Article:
Expanding the Capacity of a Controlled Discharge Lagoon System
The Iowa Woodward Resource Center’s wastewater treatment facility was experiencing incoming hydraulic loads that exceeded the capacity of its controlled discharge lagoon system. As a result, the treatment system was struggling to achieve wastewater storage requirements of 180 days.
The project began with a review of existing and future treatment requirements, analysis of existing facilities, and an evaluation of lagoon alternatives. During the investigation, it was determined that efforts to reduce inflow and infiltration along with a significant expansion of the three-cell controlled discharge lagoon would be necessary to meet treatment requirements long-term.
The removal of roof drains and downspouts on buildings in the area was key to addressing inflow and infiltration. Manholes were also repaired or replaced depending on condition. Targeted sections of the collection system were lined to improve performance.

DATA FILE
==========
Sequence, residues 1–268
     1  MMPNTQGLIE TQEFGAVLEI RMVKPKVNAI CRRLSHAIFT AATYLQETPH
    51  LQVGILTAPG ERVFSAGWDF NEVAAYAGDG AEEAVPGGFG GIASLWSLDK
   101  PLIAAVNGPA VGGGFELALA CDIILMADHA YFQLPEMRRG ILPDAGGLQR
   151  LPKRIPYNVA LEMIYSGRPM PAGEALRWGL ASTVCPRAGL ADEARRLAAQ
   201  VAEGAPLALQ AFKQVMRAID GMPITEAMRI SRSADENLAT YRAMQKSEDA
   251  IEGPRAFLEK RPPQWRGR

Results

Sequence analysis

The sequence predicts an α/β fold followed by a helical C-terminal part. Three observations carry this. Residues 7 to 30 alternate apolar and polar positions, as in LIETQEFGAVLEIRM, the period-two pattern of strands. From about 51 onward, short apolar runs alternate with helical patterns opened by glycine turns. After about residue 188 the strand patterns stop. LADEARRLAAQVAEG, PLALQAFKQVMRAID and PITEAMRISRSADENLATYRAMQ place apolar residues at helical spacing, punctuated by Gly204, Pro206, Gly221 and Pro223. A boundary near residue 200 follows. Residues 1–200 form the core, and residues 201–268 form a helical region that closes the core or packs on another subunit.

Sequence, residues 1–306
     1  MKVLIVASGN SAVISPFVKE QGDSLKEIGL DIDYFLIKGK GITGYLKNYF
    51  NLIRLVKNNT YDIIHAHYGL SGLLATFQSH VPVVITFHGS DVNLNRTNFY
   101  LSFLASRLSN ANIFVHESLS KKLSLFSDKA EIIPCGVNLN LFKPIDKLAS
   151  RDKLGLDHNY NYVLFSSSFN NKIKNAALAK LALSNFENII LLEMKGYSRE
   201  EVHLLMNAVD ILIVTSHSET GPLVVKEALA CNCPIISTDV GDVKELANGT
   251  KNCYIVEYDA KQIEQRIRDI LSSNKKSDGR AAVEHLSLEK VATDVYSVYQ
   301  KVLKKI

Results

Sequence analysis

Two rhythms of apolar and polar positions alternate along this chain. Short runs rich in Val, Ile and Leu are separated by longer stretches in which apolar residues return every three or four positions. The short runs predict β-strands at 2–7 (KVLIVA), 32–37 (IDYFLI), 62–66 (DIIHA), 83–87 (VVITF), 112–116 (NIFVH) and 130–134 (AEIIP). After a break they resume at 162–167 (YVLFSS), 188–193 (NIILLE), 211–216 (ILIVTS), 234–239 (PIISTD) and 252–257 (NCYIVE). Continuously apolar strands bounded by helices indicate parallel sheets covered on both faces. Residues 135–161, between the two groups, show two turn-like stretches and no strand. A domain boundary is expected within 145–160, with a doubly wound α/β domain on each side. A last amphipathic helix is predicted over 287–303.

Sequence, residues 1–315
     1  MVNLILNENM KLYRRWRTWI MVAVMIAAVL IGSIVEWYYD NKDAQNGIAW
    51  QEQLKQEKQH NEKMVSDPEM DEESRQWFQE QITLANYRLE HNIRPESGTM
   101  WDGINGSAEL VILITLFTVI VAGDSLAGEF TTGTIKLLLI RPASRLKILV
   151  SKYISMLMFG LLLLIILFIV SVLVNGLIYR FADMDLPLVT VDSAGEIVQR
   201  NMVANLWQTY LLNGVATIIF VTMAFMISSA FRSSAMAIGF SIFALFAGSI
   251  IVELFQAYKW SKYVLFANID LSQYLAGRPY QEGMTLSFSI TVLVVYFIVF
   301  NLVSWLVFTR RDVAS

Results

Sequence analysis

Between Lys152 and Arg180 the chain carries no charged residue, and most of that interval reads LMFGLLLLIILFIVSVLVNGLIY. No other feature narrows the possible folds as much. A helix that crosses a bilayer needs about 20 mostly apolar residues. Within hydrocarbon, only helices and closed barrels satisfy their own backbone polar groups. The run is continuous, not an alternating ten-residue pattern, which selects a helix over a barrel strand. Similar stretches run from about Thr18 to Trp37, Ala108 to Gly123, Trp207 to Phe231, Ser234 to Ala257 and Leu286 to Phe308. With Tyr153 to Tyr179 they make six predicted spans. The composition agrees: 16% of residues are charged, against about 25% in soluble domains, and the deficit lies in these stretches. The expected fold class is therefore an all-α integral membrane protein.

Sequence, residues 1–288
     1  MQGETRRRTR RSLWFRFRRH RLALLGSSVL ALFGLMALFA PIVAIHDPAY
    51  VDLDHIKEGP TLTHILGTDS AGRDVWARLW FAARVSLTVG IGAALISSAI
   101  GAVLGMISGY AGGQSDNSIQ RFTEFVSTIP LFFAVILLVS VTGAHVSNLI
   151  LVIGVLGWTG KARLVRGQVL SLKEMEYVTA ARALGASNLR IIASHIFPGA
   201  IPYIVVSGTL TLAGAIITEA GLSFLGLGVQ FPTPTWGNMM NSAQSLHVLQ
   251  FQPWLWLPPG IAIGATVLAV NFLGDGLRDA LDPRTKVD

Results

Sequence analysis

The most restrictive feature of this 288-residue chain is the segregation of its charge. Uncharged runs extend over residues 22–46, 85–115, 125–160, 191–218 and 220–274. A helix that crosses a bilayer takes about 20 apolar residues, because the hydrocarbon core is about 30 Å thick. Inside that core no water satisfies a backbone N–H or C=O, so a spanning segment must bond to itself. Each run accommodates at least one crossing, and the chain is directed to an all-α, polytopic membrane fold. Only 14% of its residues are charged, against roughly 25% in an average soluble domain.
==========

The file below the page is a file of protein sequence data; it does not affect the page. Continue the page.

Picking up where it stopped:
The existing influent lift station was upgraded. This included replacing two 400 gallon-per-minute (gpm) influent pumps with 800 gpm pumps controlled by Variable Frequency Drives (VFD). The pump station was also equipped with larger force main piping to achieve capacity needs.
Significant earthwork was necessary to increase hydraulic capacity with a new primary lagoon cell. New control structures were also included with the project to help manage water flows.
Key project accomplishments include:
- Reduced inflow and infiltration
- Increased pump station capacity
- Improved structures
- Increased hydraulic capacity